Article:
Obama transitions back to the American people with remarkable skill. Drawing a parallel between the armed forces and normal citizens in terms of embodying a spirit of service was masterful. This is the call-to-action which I was particularly looking for, and he delivered beyond expectations. The concluding story taken from the Revolutionary war was a great metaphor, and a fine way to conclude.
Speechwriting Lesson #2: Craft Impactful Lines
The message and outline are more important, but the soundbites are important too.
If there’s one weakness in Obama’s speech, it’s that there’s no clear, unmistakable phrase which people will be quoting years from now (although only time holds the definitive judgment).
- There was no “Ask not what your country can do for you”.
- There was no “I have a dream”.
- There was no “This was their finest hour.”
- There was no “Yes we can.”
But that’s not to say that this speech was lacking in wonderfully crafted and impactful lines. As I listened, several of these resonated strongly with me and I found myself thinking “Oh, what a line!”
- “… begin again the work of remaking America.” [paragraph 16]
- “Their memories are short.”  (I particularly loved the brevity of this line)
- “The question we ask today is not whether our government is too big or too small, but whether it works”  (He busts open the debate by reframing the question.)
- “[W]e reject as false the choice between our safety and our ideals.”  (A particularly sharp indictment of Bush’s policies.)
- “[W]e are ready to lead once more.”  (Simply stated, but this is exactly what America’s allies wanted to hear.)
- “For the world has changed, and we must change with it.” 
- “What is required now is a new era of responsibility” 
Finally, although it wasn’t a single line, I loved everything about how paragraphs 27 and 28 were crafted (which included “a moment that will define a generation“, even though it is a somewhat cliche statement).
Will any of these be quoted decades from now? It’s impossible to tell, but my money is on “the work of remaking America” or “a new era of responsibility.”
Speechwriting Lesson #3: Employ the Magical Rule of Three
Finding examples of the Rule of Three in speeches by great speakers is like finding smiling kids in a candy store. Examples abound!
But this does not lessen the importance of this speechwriting tactic. Quite the opposite! If all the Presidential speechwriters wield the Rule of Three, why don’t you do it more often?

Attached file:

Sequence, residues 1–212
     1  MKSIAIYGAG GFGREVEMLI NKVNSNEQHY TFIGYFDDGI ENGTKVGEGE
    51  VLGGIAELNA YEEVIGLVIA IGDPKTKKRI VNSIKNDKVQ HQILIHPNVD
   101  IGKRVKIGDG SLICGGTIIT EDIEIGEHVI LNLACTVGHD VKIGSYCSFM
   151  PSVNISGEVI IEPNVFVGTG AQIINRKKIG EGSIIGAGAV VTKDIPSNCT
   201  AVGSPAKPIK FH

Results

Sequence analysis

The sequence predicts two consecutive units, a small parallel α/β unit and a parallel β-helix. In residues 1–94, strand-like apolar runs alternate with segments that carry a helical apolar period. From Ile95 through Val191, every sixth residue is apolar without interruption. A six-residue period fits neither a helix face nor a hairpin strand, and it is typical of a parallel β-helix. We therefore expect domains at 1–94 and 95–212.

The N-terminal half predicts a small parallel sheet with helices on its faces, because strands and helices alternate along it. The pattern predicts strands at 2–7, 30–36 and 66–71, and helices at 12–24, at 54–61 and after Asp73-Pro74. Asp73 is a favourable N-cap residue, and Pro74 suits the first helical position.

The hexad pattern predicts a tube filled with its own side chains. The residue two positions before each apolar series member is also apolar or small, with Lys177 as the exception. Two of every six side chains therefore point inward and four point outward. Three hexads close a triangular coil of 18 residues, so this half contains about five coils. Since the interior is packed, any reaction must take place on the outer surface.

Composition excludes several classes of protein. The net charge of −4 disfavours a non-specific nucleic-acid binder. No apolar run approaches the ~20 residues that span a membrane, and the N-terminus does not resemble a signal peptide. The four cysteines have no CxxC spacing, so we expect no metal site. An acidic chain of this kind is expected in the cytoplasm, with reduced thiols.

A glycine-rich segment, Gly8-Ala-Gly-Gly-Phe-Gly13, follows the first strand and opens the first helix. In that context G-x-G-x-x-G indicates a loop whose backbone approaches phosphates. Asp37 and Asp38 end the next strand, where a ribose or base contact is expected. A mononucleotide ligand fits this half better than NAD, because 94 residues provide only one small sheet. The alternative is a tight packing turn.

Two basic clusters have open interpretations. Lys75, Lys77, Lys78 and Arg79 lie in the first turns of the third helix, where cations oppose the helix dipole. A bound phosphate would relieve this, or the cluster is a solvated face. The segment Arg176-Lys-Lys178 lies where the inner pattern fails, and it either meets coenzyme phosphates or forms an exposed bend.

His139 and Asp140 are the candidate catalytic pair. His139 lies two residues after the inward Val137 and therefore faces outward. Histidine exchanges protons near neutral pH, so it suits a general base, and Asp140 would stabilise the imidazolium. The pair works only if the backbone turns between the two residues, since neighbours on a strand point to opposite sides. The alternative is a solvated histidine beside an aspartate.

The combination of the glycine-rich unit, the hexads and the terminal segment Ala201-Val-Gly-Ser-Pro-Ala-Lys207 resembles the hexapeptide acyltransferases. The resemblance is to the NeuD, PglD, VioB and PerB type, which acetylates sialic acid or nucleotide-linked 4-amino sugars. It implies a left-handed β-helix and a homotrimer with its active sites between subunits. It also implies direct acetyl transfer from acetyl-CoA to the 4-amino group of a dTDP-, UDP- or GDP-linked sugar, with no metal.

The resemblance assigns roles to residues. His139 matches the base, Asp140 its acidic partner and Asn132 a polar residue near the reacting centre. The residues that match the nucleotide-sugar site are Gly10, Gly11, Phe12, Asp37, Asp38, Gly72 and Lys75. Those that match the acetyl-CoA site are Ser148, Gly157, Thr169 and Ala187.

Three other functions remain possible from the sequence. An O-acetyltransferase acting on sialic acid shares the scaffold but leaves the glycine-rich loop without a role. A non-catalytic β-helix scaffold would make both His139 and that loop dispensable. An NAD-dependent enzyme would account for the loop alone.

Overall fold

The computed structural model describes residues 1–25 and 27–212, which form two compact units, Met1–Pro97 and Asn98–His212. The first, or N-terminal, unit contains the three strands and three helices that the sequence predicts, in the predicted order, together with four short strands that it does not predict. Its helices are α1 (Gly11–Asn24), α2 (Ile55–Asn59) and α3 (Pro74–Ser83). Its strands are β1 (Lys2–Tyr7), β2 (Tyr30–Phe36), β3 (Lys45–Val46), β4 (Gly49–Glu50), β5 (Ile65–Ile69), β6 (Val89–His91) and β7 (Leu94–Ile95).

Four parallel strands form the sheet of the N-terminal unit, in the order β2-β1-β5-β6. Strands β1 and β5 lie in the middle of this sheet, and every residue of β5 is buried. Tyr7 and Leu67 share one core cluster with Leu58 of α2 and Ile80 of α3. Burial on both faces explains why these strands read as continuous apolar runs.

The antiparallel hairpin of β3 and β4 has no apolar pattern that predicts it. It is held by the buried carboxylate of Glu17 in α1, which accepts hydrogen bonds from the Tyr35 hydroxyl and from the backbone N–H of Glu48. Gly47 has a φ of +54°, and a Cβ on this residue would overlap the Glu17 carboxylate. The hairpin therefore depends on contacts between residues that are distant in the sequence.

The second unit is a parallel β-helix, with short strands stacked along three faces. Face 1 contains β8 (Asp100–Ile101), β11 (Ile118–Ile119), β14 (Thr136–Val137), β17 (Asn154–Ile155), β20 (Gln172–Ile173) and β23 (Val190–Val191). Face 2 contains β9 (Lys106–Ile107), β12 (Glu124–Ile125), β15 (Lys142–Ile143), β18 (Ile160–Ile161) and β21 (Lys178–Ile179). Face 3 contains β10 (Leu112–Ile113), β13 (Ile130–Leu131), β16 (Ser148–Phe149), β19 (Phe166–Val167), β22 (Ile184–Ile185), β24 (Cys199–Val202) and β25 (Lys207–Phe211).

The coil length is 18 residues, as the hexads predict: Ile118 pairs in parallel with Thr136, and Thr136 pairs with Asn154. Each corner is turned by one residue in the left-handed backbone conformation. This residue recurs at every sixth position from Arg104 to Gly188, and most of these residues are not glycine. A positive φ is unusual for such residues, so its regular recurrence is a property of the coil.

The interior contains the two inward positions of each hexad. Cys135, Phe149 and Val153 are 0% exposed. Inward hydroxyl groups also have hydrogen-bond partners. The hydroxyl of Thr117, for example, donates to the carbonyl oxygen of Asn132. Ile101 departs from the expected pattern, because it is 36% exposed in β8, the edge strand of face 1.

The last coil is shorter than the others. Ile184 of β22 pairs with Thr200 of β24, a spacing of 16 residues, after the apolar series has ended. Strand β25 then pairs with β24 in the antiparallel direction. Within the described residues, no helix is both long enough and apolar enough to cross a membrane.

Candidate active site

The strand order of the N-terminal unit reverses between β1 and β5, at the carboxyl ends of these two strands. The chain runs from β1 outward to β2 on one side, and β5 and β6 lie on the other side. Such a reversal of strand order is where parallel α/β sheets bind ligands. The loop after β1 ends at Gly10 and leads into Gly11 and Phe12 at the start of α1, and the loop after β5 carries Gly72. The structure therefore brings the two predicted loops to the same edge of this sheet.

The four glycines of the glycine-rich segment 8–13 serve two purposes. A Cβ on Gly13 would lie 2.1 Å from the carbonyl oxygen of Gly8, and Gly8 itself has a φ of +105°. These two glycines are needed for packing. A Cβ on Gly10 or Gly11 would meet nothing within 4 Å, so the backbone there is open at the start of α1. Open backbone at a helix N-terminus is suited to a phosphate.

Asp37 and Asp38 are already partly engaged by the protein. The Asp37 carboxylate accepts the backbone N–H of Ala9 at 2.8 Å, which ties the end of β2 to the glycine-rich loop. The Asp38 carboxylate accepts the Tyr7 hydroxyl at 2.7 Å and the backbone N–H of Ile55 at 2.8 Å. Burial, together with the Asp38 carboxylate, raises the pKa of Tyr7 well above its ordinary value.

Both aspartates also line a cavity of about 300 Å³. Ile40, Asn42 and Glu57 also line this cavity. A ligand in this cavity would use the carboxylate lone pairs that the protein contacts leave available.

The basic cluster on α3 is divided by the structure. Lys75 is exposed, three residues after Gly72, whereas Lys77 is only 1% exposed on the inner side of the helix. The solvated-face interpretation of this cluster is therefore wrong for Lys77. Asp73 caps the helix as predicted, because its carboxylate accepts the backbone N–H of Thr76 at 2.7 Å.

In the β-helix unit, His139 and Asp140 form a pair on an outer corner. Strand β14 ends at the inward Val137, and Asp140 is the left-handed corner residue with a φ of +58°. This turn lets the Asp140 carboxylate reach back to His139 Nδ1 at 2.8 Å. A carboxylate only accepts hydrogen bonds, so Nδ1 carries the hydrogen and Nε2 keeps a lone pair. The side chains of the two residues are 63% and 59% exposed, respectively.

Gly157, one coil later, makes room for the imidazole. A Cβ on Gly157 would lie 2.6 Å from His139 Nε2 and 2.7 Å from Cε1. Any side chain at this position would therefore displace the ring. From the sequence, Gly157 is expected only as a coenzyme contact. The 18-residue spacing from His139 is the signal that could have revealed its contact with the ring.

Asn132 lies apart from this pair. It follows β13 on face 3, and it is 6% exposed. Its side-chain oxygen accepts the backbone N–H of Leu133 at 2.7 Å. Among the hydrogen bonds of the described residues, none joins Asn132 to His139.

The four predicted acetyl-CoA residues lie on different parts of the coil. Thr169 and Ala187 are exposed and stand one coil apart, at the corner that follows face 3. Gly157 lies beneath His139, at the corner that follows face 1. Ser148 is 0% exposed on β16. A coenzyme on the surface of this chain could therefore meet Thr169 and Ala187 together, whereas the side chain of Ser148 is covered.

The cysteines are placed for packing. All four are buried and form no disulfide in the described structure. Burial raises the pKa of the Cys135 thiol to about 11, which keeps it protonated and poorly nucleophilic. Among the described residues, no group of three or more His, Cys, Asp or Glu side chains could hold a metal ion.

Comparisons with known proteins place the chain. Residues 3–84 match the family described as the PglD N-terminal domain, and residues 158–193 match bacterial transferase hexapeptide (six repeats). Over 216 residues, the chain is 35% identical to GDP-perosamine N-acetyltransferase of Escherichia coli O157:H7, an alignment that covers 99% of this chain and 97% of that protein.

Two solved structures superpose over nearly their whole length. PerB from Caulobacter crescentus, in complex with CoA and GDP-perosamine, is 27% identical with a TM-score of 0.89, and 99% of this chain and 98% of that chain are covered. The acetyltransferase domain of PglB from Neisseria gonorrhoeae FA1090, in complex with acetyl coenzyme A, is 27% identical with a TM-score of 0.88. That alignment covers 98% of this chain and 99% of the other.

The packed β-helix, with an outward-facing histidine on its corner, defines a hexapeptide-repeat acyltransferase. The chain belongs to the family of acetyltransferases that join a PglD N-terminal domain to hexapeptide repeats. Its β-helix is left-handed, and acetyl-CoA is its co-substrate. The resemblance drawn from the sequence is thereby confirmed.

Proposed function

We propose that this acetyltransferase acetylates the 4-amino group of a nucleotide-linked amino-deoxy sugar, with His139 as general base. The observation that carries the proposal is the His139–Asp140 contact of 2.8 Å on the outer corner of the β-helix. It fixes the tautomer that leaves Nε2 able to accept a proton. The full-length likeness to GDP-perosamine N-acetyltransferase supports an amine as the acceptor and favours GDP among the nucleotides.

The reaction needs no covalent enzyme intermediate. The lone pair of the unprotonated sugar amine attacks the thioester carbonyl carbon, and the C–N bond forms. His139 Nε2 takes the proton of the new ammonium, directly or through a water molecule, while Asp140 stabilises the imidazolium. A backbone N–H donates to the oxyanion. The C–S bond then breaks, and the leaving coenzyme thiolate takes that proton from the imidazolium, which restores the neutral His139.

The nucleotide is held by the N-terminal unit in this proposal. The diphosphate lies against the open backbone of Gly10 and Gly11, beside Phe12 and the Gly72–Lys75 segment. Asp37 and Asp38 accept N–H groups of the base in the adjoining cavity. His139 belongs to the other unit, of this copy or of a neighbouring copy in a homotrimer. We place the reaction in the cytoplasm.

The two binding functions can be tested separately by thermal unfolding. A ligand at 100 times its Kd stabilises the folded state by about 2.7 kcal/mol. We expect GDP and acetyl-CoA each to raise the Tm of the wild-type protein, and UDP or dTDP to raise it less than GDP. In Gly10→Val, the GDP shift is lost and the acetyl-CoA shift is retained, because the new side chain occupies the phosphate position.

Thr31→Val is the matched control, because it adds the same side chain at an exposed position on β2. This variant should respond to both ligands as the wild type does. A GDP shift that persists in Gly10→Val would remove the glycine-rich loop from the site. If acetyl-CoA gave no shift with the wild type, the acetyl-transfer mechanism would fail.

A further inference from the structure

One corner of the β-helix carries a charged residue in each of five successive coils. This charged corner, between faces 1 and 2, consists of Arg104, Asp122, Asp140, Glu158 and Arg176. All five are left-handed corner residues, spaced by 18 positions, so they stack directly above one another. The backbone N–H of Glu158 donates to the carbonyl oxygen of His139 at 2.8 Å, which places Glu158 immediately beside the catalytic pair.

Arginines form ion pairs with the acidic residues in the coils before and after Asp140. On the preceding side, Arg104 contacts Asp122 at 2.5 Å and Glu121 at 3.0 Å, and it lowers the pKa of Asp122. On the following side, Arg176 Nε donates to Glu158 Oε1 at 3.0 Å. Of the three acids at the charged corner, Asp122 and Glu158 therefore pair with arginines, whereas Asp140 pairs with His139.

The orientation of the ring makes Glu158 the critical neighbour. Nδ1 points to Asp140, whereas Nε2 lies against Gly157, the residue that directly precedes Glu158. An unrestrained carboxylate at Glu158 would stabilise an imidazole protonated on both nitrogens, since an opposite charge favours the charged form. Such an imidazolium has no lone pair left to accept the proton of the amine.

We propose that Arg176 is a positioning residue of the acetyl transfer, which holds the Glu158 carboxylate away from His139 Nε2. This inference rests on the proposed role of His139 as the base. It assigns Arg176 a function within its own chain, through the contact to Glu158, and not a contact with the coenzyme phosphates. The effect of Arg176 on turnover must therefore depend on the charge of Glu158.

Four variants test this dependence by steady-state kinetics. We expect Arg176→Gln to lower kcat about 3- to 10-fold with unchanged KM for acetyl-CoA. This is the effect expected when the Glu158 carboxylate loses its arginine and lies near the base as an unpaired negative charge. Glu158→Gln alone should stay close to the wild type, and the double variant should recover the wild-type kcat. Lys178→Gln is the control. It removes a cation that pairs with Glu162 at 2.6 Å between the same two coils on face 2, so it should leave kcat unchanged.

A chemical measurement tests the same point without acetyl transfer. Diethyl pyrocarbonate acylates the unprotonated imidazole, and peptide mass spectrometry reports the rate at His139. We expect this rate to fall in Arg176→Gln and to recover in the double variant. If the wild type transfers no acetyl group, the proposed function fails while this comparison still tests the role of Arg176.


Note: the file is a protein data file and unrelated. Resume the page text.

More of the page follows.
Here are just some of the examples in the inauguration speech of varying length:
- “humbled by the task before us,
grateful for the trust you have bestowed,
mindful of the sacrifices borne by our ancestors.” [paragraph 2]
- “Homes have been lost;
businesses shuttered.” 
- “Our health care is too costly;
our schools fail too many;
and [...] energy [...] threaten our planet.” 
- “all are equal,
all are free,
and all deserve [...] pursue [...] happiness.” 
- “struggled and sacrificed and worked” 
- “birth or wealth or faction” 
- “we must pick ourselves up,
dust ourselves off,
and begin again the work of remaking America” 
- “to spend wisely,
reform bad habits,
and do our business in the light of day” 
- “the justness of our cause,
the force of our example,
the tempering qualities of humility and restraint.” 
Speechwriting Lesson #4: Amplify Words by Drawing Contrasts
As pointed out in the speech analysis of Martin Luther King’s “I Have a Dream”, sometimes the best way to highlight and sharpen concepts is to introduce contrast.
Here are a few examples from Obama’s Inauguration speech:
- “rising tides of prosperity and the still waters of peace” versus “gathering clouds and raging storms” [paragraph 3]
- “know that your people will judge you on what you can build, not what you destroy.” 
- “we will extend a hand if you are willing to unclench your fist” 
- “a man whose father less than sixty years ago might not have been served at a local restaurant can now stand before you to take a most sacred oath.”